PSYCHOSOCIAL MEDIATORS BETWEEN SOCIOECONOMIC STATUS AND PHYSICAL ACTIVITY IN OLDER JAPANESE ADULTS

Author: Sugisawa, H.; Harada, K.; Sugihara, Y.; Yanagisawa, S.; Shimmei, M.
Language: English
Published: 2017
Source: PubMed Central (PMC)
Online Access: http://www.ncbi.nlm.nih.gov/pmc/articles/PMC6183301/
https://doi.org/10.1093/geroni/igx004.4229
Identification number: ftpubmed:oai:pubmedcentral.nih.gov:6183301

Summary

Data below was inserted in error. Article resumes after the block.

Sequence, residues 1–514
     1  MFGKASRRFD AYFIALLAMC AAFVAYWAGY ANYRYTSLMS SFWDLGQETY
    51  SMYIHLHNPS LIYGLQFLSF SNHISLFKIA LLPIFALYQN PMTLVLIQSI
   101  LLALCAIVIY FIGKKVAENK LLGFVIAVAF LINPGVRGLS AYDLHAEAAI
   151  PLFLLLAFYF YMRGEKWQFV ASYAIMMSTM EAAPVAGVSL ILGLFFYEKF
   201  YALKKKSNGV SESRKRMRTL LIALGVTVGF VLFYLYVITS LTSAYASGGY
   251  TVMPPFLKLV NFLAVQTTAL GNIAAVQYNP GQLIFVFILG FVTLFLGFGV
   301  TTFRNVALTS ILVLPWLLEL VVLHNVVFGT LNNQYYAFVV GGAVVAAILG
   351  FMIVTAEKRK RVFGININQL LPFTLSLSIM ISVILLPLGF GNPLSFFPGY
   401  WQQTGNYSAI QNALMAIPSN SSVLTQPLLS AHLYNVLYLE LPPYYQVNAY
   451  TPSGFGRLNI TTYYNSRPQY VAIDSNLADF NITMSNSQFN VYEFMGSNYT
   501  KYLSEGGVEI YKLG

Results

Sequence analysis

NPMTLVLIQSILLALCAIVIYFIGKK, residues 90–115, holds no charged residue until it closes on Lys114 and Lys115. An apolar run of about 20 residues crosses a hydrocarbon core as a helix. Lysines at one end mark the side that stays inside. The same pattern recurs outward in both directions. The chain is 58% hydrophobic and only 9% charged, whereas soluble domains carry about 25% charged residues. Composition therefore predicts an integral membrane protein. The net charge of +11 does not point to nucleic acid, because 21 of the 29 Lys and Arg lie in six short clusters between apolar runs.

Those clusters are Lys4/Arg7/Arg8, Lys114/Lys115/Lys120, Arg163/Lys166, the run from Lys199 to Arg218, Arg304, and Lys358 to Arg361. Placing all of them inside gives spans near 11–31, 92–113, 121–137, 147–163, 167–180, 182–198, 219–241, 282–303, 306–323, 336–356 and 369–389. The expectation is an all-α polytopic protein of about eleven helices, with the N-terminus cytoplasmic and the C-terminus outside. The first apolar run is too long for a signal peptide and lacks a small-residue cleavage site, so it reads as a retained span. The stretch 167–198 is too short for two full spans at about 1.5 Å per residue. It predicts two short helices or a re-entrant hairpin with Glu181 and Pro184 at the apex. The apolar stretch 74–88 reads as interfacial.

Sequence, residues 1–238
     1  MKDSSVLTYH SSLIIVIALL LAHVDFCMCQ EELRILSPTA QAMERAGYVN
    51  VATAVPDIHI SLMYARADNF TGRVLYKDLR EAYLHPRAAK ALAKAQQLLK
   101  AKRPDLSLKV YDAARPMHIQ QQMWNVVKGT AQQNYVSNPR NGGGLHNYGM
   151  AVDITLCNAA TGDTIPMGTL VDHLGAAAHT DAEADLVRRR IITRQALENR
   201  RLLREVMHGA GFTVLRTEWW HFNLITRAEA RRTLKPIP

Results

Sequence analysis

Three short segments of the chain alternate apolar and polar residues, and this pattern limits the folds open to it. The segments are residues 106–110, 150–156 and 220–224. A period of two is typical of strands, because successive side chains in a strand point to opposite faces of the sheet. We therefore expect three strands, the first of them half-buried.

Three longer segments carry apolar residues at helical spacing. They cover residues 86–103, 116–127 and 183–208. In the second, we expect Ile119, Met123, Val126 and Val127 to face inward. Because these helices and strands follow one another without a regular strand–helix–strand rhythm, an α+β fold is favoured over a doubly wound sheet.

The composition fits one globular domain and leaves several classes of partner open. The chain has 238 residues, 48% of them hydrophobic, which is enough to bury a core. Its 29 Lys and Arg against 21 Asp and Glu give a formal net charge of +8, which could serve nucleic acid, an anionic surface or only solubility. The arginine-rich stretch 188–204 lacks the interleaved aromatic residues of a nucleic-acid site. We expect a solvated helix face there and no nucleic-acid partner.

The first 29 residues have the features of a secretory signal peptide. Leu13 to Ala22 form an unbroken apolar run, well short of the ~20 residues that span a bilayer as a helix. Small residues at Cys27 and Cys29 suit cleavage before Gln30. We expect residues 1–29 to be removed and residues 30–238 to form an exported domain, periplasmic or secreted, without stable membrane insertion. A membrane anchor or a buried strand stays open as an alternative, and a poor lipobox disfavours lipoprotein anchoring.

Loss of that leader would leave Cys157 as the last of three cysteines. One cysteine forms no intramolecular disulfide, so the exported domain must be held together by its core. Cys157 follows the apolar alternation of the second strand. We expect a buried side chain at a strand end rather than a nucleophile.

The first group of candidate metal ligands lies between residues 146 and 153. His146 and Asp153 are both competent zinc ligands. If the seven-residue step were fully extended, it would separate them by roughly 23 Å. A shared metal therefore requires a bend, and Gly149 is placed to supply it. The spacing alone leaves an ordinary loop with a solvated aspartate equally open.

Empirical studies conducted in developed countries have indicated differences in physical activities among older adults according to their socioeconomic status (SES). However, few studies have examined the mediators between SES and physical activity, and therefore, limited knowledge is available regarding the relation between SES and physical activity. This study examined the psychological mediators between SES and physical activities among older Japanese adults. Data were obtained from a probability sample survey conducted with 739 participants living in two wards of Tokyo, Japan. Physical activity was divided into active (engaged in 60 min or more per week) and inactive (not engaged in 60 min or more per week). SES was evaluated by educational attainment and household income. The following three dimensions of psychological mediators were assessed: control expectancy for physical activity, self-efficacy of physical activity, and social support for physical activity. Age, sex, and daily activities were included as control variables. A multiple mediator model was used to evaluate the indirect effects of SES through the mediators. Educational attainment was found to influence physical activity significantly. In addition, the relation between educational attainment and physical activity was mediated by two mediate variables: self-efficacy and social support; in particular, self-efficacy had the strongest mediating effect. These two significant variables explained the majority of differences in physical activity resulting from different educational attainment levels. Household income did not influence on physical activity significantly. Therefore, it is necessary to enhance self-efficacy and social support to promote healthy physical activities among SES-disadvantaged older adults in Japan.